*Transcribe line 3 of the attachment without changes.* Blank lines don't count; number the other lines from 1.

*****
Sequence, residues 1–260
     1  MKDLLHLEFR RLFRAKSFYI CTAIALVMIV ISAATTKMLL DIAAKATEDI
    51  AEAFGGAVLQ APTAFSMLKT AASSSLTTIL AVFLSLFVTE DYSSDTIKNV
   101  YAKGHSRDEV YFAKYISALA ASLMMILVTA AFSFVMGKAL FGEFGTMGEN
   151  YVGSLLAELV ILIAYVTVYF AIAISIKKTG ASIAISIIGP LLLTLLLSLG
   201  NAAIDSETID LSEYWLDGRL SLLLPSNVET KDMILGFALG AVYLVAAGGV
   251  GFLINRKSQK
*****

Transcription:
    51  AEAFGGAVLQ APTAFSMLKT AASSSLTTIL AVFLSLFVTE DYSSDTIKNV